Really bad timing. Paul Walsh at the Star Tribune is reporting "processing delays" are keeping some TCF customers from accessing their money this morning: "TCF spokesman Mark] Goldman called the timing of the problem an especially 'unfortunate coincidence' because many customers were expecting to access their monthly Social Security deposits and other pension payments that land around the first of the month."
Not seeing tax breaks for the wealthy in this story. David Montgomery at the Pioneer Press crunches the numbers on the more than 1 million Minnesotans who are eligible for coverage from Medicaid: "The relatively small number of people on the elderly and disabled Medicaid programs cost far more to care for than the large number of low-income adults and children… The elderly and disabled programs each cost more than about $30,000 per enrollee per year. The program for families and adults costs about $5,000 per year."
We'll see, won't we? Brian Bakst at MPR News says Gov. Mark Dayton will let the Legislature's $542 million health insurance relief plan become law without his signature: "The DFL governor says he wanted more promises from health insurance companies that the money wouldn’t just go to their bottom lines, but rather would be used to buy down premiums and expand coverage options. He didn’t get those guarantees but said the need to shore up the individual insurance market led to his decision."
But, don't let anyone else in. Brian Todd of the Rochester Post Bulletin reports Southeast Minnesota is facing the same job situation as many other parts of the nation: "'The population is getting older, and the younger generations are not keeping up,' [DEED analyst Mark Schultz] said. In fact, the largest age group of the labor force expected to grow between 2015 and 2025 are those ages 65 and older, with 7,301 more individuals in that range. For those below the retirement age — individuals between 16 and 64 — the labor force will drop by 4,458."
We've got it all (cheaper) in St. Paul. Frederick Melo at the Pioneer Press ranks Minnesota’s most expensive cities to rent an apartment: "As of April 1, St. Paul ranks as the ninth most expensive city in Minnesota for median-value two-bedroom apartment rentals at $1,200, and Minneapolis ranks third with $1,640. The most expensive two-bedrooms are in Minnetonka at $1,730, followed by St. Louis Park at $1,700. The other cities in the top 10 are Plymouth at $1,510, Edina at $1,470, Eden Prairie at $1,410, Bloomington at $1,310, Burnsville at $1,230 and Richfield at $1,030."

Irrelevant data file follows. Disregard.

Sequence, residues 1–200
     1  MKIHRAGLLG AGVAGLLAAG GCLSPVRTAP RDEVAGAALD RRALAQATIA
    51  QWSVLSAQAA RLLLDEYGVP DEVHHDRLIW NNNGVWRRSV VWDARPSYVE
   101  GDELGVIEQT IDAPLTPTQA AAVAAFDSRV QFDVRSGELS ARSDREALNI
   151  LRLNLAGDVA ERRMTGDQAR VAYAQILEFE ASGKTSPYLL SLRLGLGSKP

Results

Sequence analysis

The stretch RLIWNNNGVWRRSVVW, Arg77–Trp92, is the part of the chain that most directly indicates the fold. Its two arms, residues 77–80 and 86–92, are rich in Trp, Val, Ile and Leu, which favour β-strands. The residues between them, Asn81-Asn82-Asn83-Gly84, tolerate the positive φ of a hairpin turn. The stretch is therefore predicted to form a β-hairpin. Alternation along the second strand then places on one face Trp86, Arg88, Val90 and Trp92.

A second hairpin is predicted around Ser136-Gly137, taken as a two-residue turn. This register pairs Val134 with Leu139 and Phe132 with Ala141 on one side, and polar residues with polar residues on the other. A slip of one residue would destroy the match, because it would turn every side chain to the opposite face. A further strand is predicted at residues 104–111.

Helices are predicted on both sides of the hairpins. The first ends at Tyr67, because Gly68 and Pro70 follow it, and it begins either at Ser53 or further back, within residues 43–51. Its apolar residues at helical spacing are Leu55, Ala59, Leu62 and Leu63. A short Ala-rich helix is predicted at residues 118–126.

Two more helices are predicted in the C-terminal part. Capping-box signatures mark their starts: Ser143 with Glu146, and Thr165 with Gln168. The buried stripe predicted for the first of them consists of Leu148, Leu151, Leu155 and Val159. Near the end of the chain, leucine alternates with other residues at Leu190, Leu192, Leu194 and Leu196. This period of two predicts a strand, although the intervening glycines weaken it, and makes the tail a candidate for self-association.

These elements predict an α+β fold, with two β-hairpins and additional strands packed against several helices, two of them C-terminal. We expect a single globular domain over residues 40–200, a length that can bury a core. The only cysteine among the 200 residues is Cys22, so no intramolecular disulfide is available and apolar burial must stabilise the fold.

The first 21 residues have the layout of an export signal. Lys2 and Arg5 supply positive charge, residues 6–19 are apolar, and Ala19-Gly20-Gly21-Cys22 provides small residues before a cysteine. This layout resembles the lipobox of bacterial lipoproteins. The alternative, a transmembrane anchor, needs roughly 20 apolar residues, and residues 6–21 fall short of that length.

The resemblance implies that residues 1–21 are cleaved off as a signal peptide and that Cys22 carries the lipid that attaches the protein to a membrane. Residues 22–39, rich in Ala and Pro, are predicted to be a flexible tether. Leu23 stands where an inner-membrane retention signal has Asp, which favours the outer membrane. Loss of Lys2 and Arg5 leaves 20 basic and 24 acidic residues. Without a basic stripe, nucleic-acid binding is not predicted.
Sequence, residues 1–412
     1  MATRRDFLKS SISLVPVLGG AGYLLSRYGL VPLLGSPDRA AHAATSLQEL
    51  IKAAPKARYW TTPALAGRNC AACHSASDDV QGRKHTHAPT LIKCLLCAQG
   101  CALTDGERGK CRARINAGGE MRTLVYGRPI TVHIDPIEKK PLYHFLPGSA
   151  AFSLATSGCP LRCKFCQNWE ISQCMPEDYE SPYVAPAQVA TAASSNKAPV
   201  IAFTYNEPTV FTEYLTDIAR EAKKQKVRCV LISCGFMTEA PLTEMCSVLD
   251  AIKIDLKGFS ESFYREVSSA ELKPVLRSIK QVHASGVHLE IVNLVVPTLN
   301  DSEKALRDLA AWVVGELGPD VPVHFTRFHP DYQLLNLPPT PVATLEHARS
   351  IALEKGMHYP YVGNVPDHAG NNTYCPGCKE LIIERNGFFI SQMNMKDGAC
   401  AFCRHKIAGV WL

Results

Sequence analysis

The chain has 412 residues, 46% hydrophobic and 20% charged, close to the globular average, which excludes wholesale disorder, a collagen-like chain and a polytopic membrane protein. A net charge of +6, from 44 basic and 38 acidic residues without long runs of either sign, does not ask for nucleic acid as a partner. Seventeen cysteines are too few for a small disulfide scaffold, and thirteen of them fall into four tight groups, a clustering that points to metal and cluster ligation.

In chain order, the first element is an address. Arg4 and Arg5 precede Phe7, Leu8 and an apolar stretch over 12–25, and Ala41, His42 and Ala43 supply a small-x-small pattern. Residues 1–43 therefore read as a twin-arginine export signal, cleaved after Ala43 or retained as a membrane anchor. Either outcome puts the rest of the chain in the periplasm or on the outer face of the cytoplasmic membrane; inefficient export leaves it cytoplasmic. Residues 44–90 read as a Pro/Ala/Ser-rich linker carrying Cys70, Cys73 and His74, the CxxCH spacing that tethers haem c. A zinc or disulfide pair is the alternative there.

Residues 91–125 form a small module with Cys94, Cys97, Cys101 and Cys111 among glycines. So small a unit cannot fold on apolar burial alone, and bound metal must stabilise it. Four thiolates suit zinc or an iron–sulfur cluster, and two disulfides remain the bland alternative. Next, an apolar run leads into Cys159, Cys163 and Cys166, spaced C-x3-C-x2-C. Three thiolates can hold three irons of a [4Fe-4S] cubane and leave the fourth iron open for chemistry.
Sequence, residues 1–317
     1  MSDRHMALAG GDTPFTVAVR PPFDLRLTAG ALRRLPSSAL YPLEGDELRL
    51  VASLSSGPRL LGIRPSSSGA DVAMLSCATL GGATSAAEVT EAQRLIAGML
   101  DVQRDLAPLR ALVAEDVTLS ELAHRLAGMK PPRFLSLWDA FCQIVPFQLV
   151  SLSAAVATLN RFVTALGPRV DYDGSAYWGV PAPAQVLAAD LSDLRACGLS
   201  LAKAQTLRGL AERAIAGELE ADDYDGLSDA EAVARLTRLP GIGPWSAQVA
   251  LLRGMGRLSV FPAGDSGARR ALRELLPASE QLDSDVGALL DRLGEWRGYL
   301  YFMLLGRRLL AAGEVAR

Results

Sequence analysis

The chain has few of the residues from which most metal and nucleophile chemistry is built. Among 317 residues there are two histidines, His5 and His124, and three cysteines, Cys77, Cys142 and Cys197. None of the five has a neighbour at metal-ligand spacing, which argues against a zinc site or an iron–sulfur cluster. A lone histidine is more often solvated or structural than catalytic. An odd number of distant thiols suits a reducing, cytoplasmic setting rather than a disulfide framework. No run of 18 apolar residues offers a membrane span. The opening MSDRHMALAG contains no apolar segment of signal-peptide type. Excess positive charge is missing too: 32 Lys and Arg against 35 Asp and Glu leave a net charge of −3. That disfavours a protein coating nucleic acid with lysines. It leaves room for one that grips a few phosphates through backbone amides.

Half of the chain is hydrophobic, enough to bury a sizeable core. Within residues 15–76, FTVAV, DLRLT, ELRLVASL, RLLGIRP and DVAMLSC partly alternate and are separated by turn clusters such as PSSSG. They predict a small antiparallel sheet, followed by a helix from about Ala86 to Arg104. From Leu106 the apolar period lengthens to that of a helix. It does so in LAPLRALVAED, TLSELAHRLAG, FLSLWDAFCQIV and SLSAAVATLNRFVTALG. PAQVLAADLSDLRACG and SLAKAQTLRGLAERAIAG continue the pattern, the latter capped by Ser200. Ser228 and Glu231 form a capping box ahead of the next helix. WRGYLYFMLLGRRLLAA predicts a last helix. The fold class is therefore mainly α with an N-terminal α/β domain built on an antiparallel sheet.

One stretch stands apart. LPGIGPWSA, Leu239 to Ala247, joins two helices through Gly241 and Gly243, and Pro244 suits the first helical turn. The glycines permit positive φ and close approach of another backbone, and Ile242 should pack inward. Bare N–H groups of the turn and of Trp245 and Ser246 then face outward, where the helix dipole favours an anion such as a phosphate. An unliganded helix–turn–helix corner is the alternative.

In other news…
No vaping while mocking: “Minneapolis banning tobacco, vaping from parks” [KARE]
Fences, not walls: “Prince Tribute Fence Opens Monday at Paisley Park” [KSTP]
Bad omen: “Dessa too sick to sing at Twins opener” [City Pages]
Your vote counts: “Grand Marais, Lanesboro Up For ‘Best Midwestern Small Town’” [WCCO]
Would go well with their potential yogurt acquisition: “General Mills invests $3 million in granola maker Purely Elizabeth” [Star Tribune]
What about a barbecue? Too soon? “Plans taking shape for 100th anniversary of 1918 fires” [Duluth News Tribune]
Better story would be if he actually hated the place: “Reporter issues correction, of sorts, on 'worst place to live' article” [CBS Evening News]
School's out forever: “Appeals court won’t stop Stillwater school closings” [MPR]
Geeks on the FBI payroll: “Records show deep ties between FBI and Best Buy computer technicians looking for child porn” [Washington Post]
Your choice, epic or weekend:
Great minds think alike (and good ideas in both). pic.twitter.com/NuCTbWh5JF— Rick Nelson (@RickNelsonStrib) April 2, 2017